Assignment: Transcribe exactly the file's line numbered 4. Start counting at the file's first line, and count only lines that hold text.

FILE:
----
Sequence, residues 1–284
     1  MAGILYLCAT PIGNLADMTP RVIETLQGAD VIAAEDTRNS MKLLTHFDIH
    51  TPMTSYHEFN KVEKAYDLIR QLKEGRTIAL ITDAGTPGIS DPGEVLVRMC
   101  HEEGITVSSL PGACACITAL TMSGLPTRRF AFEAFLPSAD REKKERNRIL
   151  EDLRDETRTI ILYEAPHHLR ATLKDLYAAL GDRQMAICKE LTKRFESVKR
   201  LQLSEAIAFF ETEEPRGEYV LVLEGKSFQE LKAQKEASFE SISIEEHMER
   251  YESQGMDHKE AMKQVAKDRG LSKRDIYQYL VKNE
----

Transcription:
   101  HEEGITVSSL PGACACITAL TMSGLPTRRF AFEAFLPSAD REKKERNRIL